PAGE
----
Through things like individual or group therapy, helping them feel heard, though groups with other children who are going through a similar experience, through working with the family system and ideally establishing a network of support. My goal is giving a person a space to feel heard, understood and not judged. I also aim to help them develop coping skills and greater awareness of themselves and their personal value to the world by helping them learn to express themselves or how to ask for what they need.
Would you say a lot of mental disabilities go undiagnosed?
Disabilities might go undiagnosed for a variety of reasons. People might not get help because of the stigma attached the label of having a mental health problem. Unfortunately, the media still presents mental health disorders in a predominantly negative manner. I like to think that we all fall in a different place on this really big spectrum. We use a book that helps us to diagnose people, but I think if we looked at that book we’d all find disorders that sound like us. It’s all about different degrees of severity and how the disordered behavior impacts our life. We are all different and life stressors impact us each in unique ways.
Limited knowledge by the youths, their parents, educators or physicians to recognize the signs of concern is another reason for undiagnosed children. For example, youths with Asperger’s or autism are often missed in the school system because they’re usually very bright academically. They can read and write. They’re always seen as different, a little bit awkward and sometimes around middle school or high school is when they start to have social challenges. It’s hard for them to make friends. Instead of getting labeled with something like autism, they might be labeled as the awkward kid or the loner, which is unfortunate.
What I tell our teenagers who have Asperger’s is that because of what they have, they see the world differently. For example, one of our clients has a hard time when he gets a bad grade. We’re talking 98 percent. He thinks the world’s going to end. Now he’s come to accept that he can say, “This is my Asperger’s getting at me.” That’s much more empowering than, “What’s wrong with me?”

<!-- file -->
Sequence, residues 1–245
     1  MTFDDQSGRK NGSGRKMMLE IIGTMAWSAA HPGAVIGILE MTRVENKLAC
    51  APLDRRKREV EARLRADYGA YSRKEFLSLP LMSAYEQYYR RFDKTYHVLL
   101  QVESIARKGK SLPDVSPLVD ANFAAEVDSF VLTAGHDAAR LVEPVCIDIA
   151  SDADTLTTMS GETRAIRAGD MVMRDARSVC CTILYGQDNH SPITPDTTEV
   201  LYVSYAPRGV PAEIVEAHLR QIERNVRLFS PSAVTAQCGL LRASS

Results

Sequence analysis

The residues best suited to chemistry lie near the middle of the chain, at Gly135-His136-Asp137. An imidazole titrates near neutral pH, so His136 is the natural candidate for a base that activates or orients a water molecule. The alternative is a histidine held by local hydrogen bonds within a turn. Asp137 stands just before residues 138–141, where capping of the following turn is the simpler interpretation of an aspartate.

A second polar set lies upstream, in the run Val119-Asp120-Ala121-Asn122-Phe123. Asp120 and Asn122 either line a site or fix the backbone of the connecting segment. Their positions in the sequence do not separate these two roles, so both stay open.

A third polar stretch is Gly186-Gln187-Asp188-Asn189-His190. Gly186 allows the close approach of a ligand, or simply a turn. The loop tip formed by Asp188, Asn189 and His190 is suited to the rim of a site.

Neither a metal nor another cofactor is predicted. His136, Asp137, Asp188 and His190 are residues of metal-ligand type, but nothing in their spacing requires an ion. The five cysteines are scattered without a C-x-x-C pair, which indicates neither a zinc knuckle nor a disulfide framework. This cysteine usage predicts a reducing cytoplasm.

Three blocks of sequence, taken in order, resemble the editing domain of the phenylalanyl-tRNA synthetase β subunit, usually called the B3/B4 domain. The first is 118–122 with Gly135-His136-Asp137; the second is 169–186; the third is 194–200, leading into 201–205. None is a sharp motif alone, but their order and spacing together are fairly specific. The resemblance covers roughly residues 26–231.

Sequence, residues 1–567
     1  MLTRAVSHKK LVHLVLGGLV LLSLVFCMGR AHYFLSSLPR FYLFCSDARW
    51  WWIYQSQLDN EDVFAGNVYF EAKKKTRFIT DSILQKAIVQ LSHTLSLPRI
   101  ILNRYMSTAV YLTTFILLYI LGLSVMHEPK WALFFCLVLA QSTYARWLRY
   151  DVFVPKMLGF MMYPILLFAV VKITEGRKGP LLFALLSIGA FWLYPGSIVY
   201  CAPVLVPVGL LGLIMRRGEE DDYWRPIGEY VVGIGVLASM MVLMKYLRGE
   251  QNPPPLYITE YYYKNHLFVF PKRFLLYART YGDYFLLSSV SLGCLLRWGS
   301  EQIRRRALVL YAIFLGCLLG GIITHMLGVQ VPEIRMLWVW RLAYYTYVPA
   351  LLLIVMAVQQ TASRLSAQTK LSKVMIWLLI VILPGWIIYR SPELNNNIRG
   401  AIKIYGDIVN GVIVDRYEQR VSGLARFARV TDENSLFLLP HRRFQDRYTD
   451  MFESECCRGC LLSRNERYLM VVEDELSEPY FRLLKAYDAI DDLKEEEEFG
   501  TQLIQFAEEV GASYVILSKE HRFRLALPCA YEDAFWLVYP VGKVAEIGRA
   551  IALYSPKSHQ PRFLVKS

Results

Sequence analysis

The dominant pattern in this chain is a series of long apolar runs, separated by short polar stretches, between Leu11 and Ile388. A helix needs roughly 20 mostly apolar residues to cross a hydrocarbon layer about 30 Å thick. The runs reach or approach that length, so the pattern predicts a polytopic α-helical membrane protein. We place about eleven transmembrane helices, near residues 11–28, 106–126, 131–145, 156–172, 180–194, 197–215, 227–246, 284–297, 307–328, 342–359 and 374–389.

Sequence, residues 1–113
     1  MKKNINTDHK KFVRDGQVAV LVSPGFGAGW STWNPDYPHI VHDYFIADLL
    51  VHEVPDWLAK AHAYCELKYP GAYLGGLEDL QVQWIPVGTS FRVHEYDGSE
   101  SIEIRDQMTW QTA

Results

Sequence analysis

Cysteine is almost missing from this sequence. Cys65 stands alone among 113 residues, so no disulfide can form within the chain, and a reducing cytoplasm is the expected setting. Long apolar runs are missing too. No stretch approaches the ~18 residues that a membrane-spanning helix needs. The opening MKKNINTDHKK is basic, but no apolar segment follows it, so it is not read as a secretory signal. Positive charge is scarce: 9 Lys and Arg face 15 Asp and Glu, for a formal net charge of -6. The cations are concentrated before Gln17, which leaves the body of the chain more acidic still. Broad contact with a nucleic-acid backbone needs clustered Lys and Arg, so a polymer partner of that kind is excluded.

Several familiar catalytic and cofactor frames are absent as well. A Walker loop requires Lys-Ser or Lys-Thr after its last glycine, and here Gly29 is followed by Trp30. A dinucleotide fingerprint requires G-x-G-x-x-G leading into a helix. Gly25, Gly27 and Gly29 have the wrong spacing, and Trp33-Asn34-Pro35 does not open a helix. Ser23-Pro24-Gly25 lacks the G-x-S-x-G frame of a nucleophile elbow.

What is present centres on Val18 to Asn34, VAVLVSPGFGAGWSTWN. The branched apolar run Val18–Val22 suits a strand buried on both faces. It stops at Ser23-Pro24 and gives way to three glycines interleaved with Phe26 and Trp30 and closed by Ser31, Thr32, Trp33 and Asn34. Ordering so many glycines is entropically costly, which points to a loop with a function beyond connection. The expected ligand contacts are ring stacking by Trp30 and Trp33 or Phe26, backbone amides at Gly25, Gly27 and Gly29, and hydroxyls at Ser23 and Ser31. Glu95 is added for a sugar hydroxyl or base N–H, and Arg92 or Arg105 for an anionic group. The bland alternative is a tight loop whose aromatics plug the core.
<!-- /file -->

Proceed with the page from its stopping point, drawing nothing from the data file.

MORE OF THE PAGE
When should a parent seek help for their child?
When the school or other caregivers start to mention that he’s having a hard time focusing or the homework grades start to slip. Or you start to notice children isolating themselves that’s a red flag. Basically, when parents notice new behavior patterns that are unusual or seem concerning, they should talk with other caregivers/educators and with their child to foster open communication. If the child’s symptoms persist or worsen, seeking out the opinion of a psychologist is advised.
Any important tips for parents?
Encouraging healthy bonding through playing with children is my biggest message to parents. Find ways to connect with your children on their turf with their interests. Taking the time to show interest and to actually play and interact with them will mean a lot and help to foster healthy interpersonal relationship skills, which are so essential in life today. Talking and hearing your child’s perspective is not only enlightening, it’s also an empowering experience for each child.
E-mail this story | Print this page | Comments (0) | Archive
Most Recent Comment(s):